Facebook – General – and Chandler’s Ford Today

My Chandler’s Ford Today post this week is Writing Sayings – Truth or Nonsense? I share my thoughts about “never judge a book by its cover” and “write what you know” amongst others. I also share a couple of sayings I’d like to see added to the canon of useful writing “proverbs”. See what you think! Comments welcome in the CFT comments box.

Facebook – From Light to Dark and Back Again

How do your characters handle crises in their lives? Brilliantly, badly, or do they somehow just muddle through? How does handling such events change them and does it do so for better or for worse? Do they have coping “aids” (e.g. chocolate, wine etc) and do they really help the characters cope?

If they were rich, how would they handle losing their wealth? If always enjoying good health, how would illness affect them after they’ve got over it? Would it dent their confidence, changing their behaviour and relationships in other ways? How do other characters handle the change in them?

Change is crucial to any story. Something changes, conflict arises (there’s always someone who will resist change), and lo and behold you have your story, but that is thanks to how your characters deal with this event.

My favourite characters are those who battle against the odds and win. They don’t necessarily have to be charismatic, but they do need grit and determination. This is kind of appropriate given every writer needs tonnes of grit and determination to cope with rejections etc!

Fairytales With Bite – When The Truth Costs Dearly

My Chandler’s Ford Today post this week is called Writing Sayings – Truth or Nonsense? and I think some of the well-known sayings relating to writing really are nonsensical! See the post if you want to find out which I debunk!

It is a sad fact of life that truth so often is not welcome and that many people pay a very heavy price for it. Does this mean we shouldn’t portray this in fiction?  I think not.  Where it is appropriate to the story to do so, I think you should portray it.  Indeed, it would be difficult not to given every hero has to have something to be a hero about and so often it usually is fighting for the truth about something to come out etc.

So the story here then is what is the truth as it relates to your characters and their world?  Why is it being suppressed and by whom?  How does your hero/heroine ensure the truth does come out?  What price do they pay for doing this (and there is bound to be one, probably a very heavy one at that.  I always liked the ending of The Lord of the Rings where it is made very clear Frodo has been changed so much by his adventures, that more change, another journey, is necessary for him.  I don’t really want to say more than that in case you haven’t read it or seen the films).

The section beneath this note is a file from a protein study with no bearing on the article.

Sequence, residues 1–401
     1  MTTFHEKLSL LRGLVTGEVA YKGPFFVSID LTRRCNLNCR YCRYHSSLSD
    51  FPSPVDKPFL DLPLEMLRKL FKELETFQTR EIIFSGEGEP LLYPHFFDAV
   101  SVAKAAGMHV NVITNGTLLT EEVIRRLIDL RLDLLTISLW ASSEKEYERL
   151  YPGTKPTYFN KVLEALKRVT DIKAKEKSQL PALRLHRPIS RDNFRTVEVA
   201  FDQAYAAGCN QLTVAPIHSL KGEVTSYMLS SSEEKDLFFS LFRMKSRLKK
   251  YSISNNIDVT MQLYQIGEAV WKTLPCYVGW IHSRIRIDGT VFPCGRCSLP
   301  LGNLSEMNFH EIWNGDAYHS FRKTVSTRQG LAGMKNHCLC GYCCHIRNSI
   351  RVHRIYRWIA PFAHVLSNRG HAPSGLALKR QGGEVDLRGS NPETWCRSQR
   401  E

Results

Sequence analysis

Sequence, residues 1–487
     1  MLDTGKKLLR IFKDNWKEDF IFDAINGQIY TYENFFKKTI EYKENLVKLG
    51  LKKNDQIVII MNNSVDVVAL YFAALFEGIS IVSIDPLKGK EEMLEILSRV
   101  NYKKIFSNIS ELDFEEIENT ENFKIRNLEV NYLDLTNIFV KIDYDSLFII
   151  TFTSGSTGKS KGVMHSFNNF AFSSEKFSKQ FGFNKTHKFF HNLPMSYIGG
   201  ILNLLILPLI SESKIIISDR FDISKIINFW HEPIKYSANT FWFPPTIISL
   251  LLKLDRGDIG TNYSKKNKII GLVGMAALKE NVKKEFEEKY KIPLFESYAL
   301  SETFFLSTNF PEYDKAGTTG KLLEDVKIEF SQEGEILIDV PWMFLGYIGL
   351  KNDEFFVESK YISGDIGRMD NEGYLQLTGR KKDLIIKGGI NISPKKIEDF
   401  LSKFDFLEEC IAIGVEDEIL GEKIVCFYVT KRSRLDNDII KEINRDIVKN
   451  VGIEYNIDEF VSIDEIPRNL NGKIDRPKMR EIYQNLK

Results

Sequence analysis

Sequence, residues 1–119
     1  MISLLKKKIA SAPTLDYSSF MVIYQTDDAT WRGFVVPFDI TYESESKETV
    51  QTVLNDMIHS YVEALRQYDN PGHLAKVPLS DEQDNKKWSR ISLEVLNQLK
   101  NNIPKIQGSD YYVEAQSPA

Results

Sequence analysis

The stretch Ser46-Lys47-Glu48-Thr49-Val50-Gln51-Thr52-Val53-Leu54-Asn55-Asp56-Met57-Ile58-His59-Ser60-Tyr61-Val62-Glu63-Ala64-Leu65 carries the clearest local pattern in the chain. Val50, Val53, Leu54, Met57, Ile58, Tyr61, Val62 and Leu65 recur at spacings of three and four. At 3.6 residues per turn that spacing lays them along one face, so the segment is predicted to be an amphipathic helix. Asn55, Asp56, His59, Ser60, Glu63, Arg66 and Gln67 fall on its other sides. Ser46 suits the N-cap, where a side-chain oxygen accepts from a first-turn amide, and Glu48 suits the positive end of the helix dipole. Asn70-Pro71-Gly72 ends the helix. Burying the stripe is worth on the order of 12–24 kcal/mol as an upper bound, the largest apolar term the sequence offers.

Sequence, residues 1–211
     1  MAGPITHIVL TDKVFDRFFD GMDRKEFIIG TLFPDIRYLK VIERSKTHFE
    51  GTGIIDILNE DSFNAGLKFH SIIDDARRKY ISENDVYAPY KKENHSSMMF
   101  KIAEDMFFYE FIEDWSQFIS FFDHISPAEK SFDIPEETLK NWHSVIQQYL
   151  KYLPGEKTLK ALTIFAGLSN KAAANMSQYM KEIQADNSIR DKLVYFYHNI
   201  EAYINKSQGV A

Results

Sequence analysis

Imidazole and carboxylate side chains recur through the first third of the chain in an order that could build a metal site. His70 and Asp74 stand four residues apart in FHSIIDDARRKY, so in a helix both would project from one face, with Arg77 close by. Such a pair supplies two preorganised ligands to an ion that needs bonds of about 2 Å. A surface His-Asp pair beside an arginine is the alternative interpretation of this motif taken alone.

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This World and Others – Truth or Nonsense?

My latest post for Chandler’s Ford Today is Writing Sayings – Truth or Nonsense? and it was great fun to write.  I discuss well known writing sayings and debunk a couple of them!  But the “truth or nonsense” bit of the title made me wonder about how this can be shown in our fiction.

What would be considered to be truth in your fictional world?  Does everyone have to subscribe to one faith or one political view?  What happens to the outspoken?

Is there “room” for nonsense in your world?  Is humour encouraged?  Or is it clamped down on because it can be subversive (and great satire is, of course.  It has never gone down well with everyone!)?

Are your characters truthful?  How do they handle having to lie if it is vital they do so?  What nonsense does the government come up with (and every regime from time immemorial has come up with nonsense in its time!)?  Do the people “buy it” or have they seen through it ages ago?  Who controls the media and is it responsible, giving good investigative journalism (to name one example), or does it rely on the government telling it what to say?

Food for thought there I think.


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